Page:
Arnys Forestière


February 23, 2013 by Ville Raivio

Once upon a time there was a small, eccentric tailoring store in Paris. Unlike its snooty cousins, this small shop was never one of the posh kids who wore the next big things from the trendiest makers. Arnys was a bit rustic, a tad eccentric and always the outsider. The store was not chic like the French, proper like the English or pedantic like the Germans. Arnys was Arnys. The store was founded in 1933 by Joakim Grimbert, whose scions headed the delightfully quirky business up until the 18th of June 2012, when the titlemonster Louis Vuitton S.A. Moët Hennessy (LVMH) announced its decision of buying the tiny store. Like the modern-day Saturn, this conglomerate chose to devour its son. Arnys was to be done in and replaced by a Berluti store. The Arnys story has been well-documented on other sites, instead I will focus on the store’s best-known piece, the Forestière jacket.

The garment was created in 1947 by the second-generation Grimbert, who was tasked by the architect Le Corbusier. He asked for a comfortable, stylish jacket to design and draw in. Finding inspiration from the coats generally worn by gamekeepers in Sologne, the Forestière was born eccentric. The jacket was made from corduroy, with Arnys-emblem buttons ranging up to the Adam’s apple, a narrow throat-latch lapel, colourful lining and turnback cuffs. The jacket had three patch pockets; the hip pockets cut high, the breast pocket cut low. Its soft shoulders and comfortable sleeves allowed Le Corbusier to pen his creations in ease. With passing years the Forestière became a store classic, no doubt gaining popularity from the noted architect’s endorsement, and the many pictures spread of him in the soft creation.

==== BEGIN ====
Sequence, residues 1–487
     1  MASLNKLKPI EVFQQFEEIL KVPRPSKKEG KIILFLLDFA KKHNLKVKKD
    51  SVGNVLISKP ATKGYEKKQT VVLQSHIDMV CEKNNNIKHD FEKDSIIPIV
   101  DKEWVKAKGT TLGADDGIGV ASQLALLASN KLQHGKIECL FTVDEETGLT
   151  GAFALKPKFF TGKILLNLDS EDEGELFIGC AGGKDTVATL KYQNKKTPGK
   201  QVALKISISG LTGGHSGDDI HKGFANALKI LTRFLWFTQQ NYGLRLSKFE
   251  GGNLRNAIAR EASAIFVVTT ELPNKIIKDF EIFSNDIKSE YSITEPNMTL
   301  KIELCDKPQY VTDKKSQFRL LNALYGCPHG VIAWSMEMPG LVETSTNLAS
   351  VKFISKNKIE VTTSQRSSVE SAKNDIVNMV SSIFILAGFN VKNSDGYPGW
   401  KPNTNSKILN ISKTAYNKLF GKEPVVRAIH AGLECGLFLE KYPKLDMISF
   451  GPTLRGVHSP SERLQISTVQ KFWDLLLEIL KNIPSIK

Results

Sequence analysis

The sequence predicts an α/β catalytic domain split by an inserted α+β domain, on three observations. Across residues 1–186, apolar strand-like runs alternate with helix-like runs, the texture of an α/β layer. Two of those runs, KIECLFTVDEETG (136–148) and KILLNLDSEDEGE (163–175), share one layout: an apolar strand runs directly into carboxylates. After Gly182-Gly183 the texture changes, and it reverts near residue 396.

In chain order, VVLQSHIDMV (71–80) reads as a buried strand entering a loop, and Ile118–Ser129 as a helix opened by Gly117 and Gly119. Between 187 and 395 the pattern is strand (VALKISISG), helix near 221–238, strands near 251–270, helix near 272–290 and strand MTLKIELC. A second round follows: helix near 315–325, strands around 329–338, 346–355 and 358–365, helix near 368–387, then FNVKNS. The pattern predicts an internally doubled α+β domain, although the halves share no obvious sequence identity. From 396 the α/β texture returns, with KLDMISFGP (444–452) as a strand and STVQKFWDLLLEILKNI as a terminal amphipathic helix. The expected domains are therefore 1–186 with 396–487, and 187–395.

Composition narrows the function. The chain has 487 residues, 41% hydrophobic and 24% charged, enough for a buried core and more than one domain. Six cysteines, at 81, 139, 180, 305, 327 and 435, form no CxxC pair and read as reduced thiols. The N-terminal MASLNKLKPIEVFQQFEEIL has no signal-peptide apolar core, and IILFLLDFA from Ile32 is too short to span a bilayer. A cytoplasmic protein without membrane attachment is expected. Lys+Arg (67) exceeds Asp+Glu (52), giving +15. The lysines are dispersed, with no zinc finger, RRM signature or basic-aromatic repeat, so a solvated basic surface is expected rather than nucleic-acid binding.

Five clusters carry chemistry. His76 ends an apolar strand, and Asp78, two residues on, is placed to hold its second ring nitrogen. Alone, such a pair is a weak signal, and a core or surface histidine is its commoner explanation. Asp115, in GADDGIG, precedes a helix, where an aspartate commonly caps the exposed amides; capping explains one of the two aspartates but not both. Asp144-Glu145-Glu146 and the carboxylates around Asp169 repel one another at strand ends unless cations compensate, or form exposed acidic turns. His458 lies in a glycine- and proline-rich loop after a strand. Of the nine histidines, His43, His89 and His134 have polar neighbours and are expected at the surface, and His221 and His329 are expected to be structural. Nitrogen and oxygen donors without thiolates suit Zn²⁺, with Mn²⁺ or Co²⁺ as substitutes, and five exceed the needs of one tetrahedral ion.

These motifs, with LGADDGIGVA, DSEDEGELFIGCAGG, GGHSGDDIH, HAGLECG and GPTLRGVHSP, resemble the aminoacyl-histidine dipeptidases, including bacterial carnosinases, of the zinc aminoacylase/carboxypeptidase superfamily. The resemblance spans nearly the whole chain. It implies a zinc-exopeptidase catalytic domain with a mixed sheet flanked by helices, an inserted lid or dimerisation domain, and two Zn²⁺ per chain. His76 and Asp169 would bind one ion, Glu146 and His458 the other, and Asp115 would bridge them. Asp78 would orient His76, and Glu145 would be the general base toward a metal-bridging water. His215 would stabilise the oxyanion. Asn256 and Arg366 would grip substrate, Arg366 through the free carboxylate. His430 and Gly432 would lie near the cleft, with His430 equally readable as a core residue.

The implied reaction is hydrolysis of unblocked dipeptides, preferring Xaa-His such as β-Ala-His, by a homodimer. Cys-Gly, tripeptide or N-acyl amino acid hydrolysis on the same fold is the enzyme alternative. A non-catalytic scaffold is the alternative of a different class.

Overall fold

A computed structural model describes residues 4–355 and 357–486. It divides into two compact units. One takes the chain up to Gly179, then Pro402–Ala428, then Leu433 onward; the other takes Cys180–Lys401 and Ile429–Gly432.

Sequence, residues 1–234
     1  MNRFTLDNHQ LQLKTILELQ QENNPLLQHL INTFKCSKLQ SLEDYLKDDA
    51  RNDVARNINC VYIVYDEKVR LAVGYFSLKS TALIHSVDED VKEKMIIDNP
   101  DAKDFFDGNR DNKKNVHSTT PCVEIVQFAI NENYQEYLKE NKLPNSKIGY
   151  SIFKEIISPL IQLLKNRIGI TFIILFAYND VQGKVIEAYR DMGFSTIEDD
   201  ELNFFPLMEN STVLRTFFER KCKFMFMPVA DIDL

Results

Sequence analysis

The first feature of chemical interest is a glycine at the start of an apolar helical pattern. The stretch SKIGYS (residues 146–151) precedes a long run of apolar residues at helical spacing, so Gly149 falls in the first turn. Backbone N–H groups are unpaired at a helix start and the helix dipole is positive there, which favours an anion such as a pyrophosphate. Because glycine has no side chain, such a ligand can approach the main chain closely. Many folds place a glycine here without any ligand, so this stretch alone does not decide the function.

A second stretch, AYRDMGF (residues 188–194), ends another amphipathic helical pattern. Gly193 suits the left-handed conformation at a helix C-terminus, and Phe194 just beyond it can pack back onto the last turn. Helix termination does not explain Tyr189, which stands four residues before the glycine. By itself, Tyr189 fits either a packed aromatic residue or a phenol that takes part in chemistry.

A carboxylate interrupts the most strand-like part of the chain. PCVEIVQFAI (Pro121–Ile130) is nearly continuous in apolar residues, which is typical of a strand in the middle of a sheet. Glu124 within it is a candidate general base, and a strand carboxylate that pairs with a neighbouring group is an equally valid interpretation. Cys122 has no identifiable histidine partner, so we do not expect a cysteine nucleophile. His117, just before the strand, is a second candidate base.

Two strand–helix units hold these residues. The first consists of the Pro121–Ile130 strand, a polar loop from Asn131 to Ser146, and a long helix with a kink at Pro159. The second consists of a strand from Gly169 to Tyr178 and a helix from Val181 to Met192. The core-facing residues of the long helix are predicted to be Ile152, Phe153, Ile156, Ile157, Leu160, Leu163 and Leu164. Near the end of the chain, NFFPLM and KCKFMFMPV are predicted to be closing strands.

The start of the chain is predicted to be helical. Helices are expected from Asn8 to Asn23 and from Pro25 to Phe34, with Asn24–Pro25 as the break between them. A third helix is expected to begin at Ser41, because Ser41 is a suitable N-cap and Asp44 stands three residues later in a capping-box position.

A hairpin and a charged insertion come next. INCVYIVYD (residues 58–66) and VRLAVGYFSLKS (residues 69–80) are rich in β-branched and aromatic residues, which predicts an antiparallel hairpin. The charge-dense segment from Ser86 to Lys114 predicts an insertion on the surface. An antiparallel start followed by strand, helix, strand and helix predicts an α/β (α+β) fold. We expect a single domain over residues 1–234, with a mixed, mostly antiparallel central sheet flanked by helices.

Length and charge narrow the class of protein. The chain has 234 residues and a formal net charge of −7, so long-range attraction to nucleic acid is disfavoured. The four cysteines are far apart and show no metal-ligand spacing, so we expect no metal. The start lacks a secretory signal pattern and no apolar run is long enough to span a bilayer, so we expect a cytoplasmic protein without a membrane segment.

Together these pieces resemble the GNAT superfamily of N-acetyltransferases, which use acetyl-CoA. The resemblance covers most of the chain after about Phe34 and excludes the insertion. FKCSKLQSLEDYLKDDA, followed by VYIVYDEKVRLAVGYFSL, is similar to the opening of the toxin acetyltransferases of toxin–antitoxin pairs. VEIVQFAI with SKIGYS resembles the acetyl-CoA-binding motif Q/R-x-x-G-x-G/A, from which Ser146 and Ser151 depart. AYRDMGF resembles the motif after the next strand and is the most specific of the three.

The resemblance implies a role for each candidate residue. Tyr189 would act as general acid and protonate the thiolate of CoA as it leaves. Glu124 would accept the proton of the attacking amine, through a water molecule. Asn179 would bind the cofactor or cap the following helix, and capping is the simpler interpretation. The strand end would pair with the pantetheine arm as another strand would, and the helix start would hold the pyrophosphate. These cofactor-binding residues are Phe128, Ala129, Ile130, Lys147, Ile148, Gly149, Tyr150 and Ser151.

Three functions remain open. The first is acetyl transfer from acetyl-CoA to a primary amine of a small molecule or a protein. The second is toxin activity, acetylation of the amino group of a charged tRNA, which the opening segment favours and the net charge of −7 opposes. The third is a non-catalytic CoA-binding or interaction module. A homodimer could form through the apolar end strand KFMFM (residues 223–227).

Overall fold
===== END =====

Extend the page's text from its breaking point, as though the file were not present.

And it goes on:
The jacket’s overall cut was loose, usually fitting several sizes larger than the deceitful neck tag stated. A celebration of French Rive Gauche style, the maker’s slogan was “Le mouvement est libéré”. The original jacket was made in black corduroy, but subsequently Arnys offered the model in a wide array of colours. Among the jacket’s fans is the former president François Fillon, who was photographed wearing the model a few years ago. The Forestière was priced at around 700 euros in Paris. The store has now passed on and been devoured, but lives on in its customers’ memories and wardrobes. Like all things raising passions, I take the liberty of predicting a surging interest along with greater prices for remaining Forestierès in flawless condition. The model is unique.


  1. David says:

    I have a few from Berluti and I love them. They can even put on the Arnys buttons.

  2. Ville Raivio says:


    Any skilled tailor can reproduce this model…but the more moral tailors will say that it would be like copying another artisan’s work. It’s best to let the tailor follow his own house style, but take inspiration from this jacket.

    Oh, and I think Berluti makes these jackets these days, they bought the rights. The prices are much heavier today.

  3. Alan Van Cleave Scott says:

    Is anyone producing a high-quality tribute (nice way to say knockoff) of the Foestiere?
    The genuine ones are hard to find, and as I wear a 48 long (American size), probably most are too small.
    do you know of any tailors that could produce a copy?

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